Of the Capital and Income of the Costermongers
Of the Providence and Improvidence of Costermongers
Of the Costermongers in Bad Weather and During the Cholera
Of the Costermongers' Raffles
Of the Markets and Trade Rights of the Costerongers, and of the Laws Affecting Them
Of the Removals of Costermongers From the Streets
Of the Tricks of Costermongers
Of the Street-Sellers of Fish
Of Sprat-Selling in the Streets
Of the Street-Sellers of Fruit and Vegetables
Of the Stationary Street-Sellers of Fish, Fruit, and Vegetables
Of the Street-Irish
Of the Street-Sellers of Game, Poultry (Live and Dead), Rabbits, Butter, Cheese, and Eggs
Of the Sellers of Trees, Shrubs, Flowers (Cut and In Pots), Roots, Seeds, and Branches
Street-Sellers of Green Stuff
Of the Street-Sellers of Eatables and Drinkables
Of the Street-Sellers of Eatables and Drinkables
Of the Street-Sellers of Pea-Soup and Hot Eels
Of the Experience of a Hot-Eel and Pea-Soup Man
Of the Street-Sellers of Pickled Whelks
Of the Customers, Etc., of Pickled Whelk-Sellers
Of the Street Sellers, and of the Preparation of Fried Fish
Of the Experience of a Fried Fish- Seller, and of the Class of Customers
Of the Preparation and Quantity of Sheep's Trotters, and of the Street-Sellers
Statements of Sheep's Trotter Women
Of the Street Trade in Baked Potatoes
Of 'Trotting,' or 'Hawking' Butchers
Of the Experience of a Hawking Butcher
Of the Street-Sellers of Ham-Sandwiches
Of the Experience of a Ham Sandwich- Seller
Of the Street-Sellers of Bread
Of the Street-Sellers of Hot Green Peas
Of the Experience of a Hot Green Pea Seller
Of Cats' and Dogs'--Meat Dealers
Of the Street-Sale of Drinkables
Of Coffee-Stall Keepers
Of the Street Sale of Ginger-Beer, Sherbet, Lemonade, &c
Of the Experience and Customers of A Ginger-Beer Seller
Of the Street-Sellers of Hot Elder Wine
Of the Street Sale of Peppermint-Water
Of Milk Selling in St. James's Park
Of the Street Sale of Milk
Of the Street-Sale of Curds and Whey
Of the Street-Sellers of Rice-Milk
Of Water-Carriers
Of the Street-Sellers of Pastry and Confectionary
Of Street Piemen
Of the Street-Sellers of Boiled Puddings
Of the Street-Sellers of Plum 'Duff' or Dough
Of the Street-Sellers of Cakes, Tarts, &c.
Of Other Cake-Sellers in the Streets
Of the Street-Sellers of Gingerbread- Nuts, &c.
Of the Street-Sellers of Hot-Cross Buns, and of Chelsea Buns
Of Muffin and Crumpet-Selling in the Streets
Of the Street Sale of Sweet-Stuff
Of the Customers of the Sweet-Stuff Street-Sellers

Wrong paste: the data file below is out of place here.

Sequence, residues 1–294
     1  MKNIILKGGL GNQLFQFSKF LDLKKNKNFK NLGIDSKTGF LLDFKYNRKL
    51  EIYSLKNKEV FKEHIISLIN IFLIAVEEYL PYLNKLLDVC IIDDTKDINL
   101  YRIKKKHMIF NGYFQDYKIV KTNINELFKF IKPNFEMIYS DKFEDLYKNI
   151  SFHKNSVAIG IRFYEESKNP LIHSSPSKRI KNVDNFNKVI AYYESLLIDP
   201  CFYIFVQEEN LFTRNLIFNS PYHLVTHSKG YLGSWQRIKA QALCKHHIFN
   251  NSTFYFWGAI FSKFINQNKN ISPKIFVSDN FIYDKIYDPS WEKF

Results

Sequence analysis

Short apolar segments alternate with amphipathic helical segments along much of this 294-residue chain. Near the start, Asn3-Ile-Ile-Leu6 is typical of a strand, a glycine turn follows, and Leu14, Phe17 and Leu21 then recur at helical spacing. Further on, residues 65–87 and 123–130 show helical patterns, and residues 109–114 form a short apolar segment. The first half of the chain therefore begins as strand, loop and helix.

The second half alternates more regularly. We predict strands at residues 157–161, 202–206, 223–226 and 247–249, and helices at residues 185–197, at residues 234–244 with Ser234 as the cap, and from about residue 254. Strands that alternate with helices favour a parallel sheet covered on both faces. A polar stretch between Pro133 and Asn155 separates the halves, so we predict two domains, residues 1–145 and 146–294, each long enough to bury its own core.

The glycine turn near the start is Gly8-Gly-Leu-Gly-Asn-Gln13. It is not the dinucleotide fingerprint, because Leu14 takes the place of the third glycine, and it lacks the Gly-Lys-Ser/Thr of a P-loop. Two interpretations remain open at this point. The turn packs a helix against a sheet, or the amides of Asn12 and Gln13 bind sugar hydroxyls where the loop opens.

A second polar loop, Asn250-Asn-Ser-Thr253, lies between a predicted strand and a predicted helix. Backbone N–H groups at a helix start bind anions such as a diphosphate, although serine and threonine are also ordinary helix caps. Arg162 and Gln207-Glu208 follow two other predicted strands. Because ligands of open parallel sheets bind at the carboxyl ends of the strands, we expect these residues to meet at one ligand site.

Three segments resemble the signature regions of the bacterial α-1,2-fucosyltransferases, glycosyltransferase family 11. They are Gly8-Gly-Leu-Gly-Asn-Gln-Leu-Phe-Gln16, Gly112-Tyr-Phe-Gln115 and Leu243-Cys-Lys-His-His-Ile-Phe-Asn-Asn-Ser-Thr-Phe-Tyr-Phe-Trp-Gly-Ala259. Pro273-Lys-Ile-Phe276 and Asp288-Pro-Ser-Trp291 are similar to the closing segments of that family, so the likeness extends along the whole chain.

Of the Street-Sellers of Cough Drops and of Medical Confectionary
'Lohoch de farfara,' the Lohoch of Coltsfoot
Of the Street-Sellers of Ices and of Ice Creams
Of the Capital and Income of the Street-Sellers of Eatables and Drinkables
Capital, or Stock in Trade, of the Street- Sellers of Eatables and Drinkables
Income, or 'Takings,' of Street-Sellers of Eatables and Drinkables
Of the Street-Sellers of Stationery, Literature, and the Fine Arts
Of the Street-Sellers of Stationery, &c.
Of the Former and Present Street- Patterers
Of the Habits, Opinions, Morals, and Religion of Patterers Generally
Of the Publishers and authors of Street-Literature
Of Long Song-Sellers
Of Running Patterers
Experience of a Running Patterer
Of the Recent Experience of a Running Patterer
Of the Chaunters
Of the Experience of a Chaunter
Of the Death and Fire Hunters
Of the Sellers of Second Editions
Of the Standing Patterers
Experience of a Standing Patterer
Of Political Litanies, Dialogues, etc.
Of 'Cocks,' Etc.
Of 'Strawing'
Of the Sham indecent Street-Trade
Of Religious Tract Sellers
Of a Benefit Society of Patterers
Of the Abodes, Tricks, Marriage, Character, and Characteristics of the Different Grades of Patterers
Of the Low Lodging-Houses of London
Of the Filth, Dishonesty, and Immorality of Low Lodging-Houses
Of the Children in Low Lodging- Houses
Of the Low Lodging-Houses Throughout the Country
Of the Street Stationers, and the Street Card-Sellers
Of the Seller of the Penny Short-Hand Cards
The Lecture
'I perish with hunger'
Of the Sellers of Race Cards and Lists
Of the Street-Sellers of Gelatine, of Engraved, and of Playing Cards, &c.
Of the Street-Sellers of Stationery
Of the Experience of a Street- Stationer
Of a 'Reduced' Gentlewoman, and a 'Reduced' Tradesman, as Street-Sellers of Stationery
Of the Street-Sale of Memorandum- Books and Almanacks
Of the Street-Sale of Pocket-Books and Diaries
Of the Street-Sellers of Songs
Of the Street 'Pinners-up,' or Wall Song-Sellers
Of Ancient and Modern Street Ballad Minstrelsy
Of Street 'Ballads on a Subject'
Of the Street Poets and Authors
Of the Experience of a Street Author, or Poet
Of the Street-Sellers of Broad-Sheets
Of the 'Gallows' Literature of the Streets
Of the Street-Sellers of Conundrums